It is obvious to all of us that the world is a colorful place (unless you are some of the people living here) and consciously or subconsciously, we are all aware when something looks just *right* or when something feels off when it comes to color. Why is that? What is it about some color pallettes that work so well, and how do you replicate yourself? If you are a full-time designer, this post will probably be more like a reminder (I know I need it sometimes). To those who aren't designing spaces every day, color theory can feel abstract, but with a little learning, you too can know the basics.
In this post we will help explain why some spaces give you that sense of calm, and most importantly how you can replicate successful results when it comes to color and designing your own spaces.
The Color Wheel
Ah, the color wheel. Even if you don't know your tertiary colors from a tetrad (we'll get there in another post), you have no doubt seen this thing. First developed in the early 1700's by Isaac Newton, the color wheel to a designer is like a hammer to a carpenter. It is the basis for understanding color, and an excellent tool for creating a color pallette that sings.
The color wheel is typically cut into a 12 piece pie. Below you can see how this is created. You are probably already familiar with the primary and secondary colors. Tertiary colors are made up by mixing the primary colors with the secondary color next to it. Red + Orange = Red-Orange, Orange+Yellow=Yellow-Orange, etc... The tertiary colors are named with colors that they are made up of. The 12 colors of the color wheel provide a nuanced enough starting point to base coordinating color choices from without being so detailed that it is hard to distinguish between the colors.
What Makes A Color
There are three terms used to describe a color. And this also explains why black and white are not on the color wheel. Hint: It's because they aren't technically colors.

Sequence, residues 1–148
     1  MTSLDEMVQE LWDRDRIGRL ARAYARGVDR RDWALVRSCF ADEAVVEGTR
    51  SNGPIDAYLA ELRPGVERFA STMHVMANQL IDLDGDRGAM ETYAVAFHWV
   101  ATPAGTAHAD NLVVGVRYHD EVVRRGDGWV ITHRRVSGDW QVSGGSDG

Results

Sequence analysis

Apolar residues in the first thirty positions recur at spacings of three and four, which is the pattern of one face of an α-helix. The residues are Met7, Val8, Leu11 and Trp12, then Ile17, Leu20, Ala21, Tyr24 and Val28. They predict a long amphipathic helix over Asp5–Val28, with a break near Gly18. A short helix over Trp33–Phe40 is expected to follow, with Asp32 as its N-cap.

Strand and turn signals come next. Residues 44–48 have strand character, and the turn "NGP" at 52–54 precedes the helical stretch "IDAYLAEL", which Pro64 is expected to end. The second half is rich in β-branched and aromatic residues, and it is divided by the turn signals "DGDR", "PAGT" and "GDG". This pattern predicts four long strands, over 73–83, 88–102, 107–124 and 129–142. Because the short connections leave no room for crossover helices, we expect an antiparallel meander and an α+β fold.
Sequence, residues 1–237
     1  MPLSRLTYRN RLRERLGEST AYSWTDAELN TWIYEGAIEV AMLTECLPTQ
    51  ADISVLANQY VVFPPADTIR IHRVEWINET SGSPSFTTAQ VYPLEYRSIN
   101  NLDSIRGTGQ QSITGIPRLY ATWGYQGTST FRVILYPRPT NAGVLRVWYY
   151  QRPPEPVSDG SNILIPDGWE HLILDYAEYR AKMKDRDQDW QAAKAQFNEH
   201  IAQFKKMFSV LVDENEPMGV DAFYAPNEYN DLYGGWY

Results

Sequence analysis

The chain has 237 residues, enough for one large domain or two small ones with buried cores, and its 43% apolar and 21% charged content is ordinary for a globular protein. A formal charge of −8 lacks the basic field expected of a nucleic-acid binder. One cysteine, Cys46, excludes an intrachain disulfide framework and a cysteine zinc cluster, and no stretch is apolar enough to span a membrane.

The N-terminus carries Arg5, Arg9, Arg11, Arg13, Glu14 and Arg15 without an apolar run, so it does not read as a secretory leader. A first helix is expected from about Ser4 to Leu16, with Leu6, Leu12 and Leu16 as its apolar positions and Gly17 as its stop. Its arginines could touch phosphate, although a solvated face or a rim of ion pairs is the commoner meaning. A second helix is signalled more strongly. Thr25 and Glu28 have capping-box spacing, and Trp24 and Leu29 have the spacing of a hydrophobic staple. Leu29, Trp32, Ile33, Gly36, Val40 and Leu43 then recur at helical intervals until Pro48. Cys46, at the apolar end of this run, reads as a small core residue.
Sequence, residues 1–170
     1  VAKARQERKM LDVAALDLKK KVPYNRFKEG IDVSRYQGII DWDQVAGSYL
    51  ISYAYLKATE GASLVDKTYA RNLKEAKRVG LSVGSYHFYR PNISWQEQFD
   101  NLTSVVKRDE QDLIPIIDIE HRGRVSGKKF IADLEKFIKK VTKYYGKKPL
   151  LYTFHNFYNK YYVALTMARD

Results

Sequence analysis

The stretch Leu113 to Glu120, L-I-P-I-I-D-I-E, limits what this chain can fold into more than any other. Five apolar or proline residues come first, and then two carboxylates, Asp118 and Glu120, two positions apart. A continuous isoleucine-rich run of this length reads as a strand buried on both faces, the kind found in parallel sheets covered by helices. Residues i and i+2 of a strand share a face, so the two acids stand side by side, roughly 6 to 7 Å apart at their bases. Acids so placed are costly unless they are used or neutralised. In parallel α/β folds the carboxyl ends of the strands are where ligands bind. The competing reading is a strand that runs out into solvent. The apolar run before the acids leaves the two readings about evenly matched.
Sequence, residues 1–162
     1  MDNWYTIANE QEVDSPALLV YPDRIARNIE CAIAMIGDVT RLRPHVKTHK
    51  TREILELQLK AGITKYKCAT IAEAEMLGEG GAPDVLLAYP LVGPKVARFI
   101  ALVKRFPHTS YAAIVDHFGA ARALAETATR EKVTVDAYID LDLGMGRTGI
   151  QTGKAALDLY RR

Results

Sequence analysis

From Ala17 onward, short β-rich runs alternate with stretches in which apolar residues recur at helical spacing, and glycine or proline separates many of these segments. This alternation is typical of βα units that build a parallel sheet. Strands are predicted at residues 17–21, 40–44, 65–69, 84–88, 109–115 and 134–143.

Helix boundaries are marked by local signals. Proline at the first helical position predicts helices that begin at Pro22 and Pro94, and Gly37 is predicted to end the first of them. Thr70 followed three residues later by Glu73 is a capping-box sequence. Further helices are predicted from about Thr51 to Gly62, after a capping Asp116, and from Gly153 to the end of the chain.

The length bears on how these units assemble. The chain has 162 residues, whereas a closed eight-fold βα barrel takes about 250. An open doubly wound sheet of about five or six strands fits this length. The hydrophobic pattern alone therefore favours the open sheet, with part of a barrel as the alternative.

It's what makes a color a color. Is it red or yellow? Green or blue? For example, in between a red hue and a yellow hue is orange. It is the word we use to describe what we typically think of when we say "color".
Value is how light or dark a color is. Light colors are sometimes called tints and dark colors are sometimes called shades.
Saturation (sometimes called Chroma) refers to how pure a color is. A color low in saturation will look gray and dull. A color high in saturation will be bright and rich.
Black and white have no hue or saturation, and therefore don't fall on the color wheel. Using the three properties above, all colors can be created. In programs like Photoshop or Microsoft Paint (if it's even around anymore?), the color wheel, hue, value and saturation are all controlled with a window like this:
The vertical bar on the right controls your hue, like the color wheel, and in the square you are determining the value by moving up and down, and the saturation by moving left-right.
Warm & Cool Colors
If you split the color wheel down the middle like the above image, the left side contains what are called "cool" colors. The right side contains "warm" colors. Knowing this and the feelings evoked by each can have a large affect on how people feel in a room.
Warm colors are stimulating, vibrant and exciting. Typically these colors are associated with heat and warmth. They tend to work well in social areas where you want lots of interaction between people. Warm colors tend to "pop" or seem to advance toward you, which is why they can also make a space feel more cozy and intimate.
Cool colors are calming, and can help people focus. Cool colors like blue remind us of water and sky. Because cool colors feel like they recede, they are useful when trying to make a small space appear larger.
A successful combination of colors typically uses both warm and cool colors. For example you could use predominately cool colors with a splash of a warm color to stand out. The interesting part is what happens to some warm and cool colors when placed next to eachother. Color cannot be determined simply by looking at in isolation. The other colors in the space and the lighting (see our post here on color temperature) can have large effects on how everything looks.
The same green is in both squares above, but shifts from feeling warm or cool depending on the color it is near. Because blue is a cool color, it shifts the green to the cool side. Because orange is a warm color, it makes the green appear warmer.
The important thing to note with warm and cool colors, is that it is typically a good idea to use some of each for a balanced design. Too much of one or the other can make a strong statement. Sometimes this is the goal, but it's always good to be intentional.
Now that we have a foundation to work off on the basics of the color wheel and some color relationships, we can take the next step and learn about how to create pleasing color pallettes using the color wheel. There are seven main color relationships that we have in this blog post here.
If you found this post helpful, confusing, or something else, let us know in the comments below and share it with your co-workers or friends!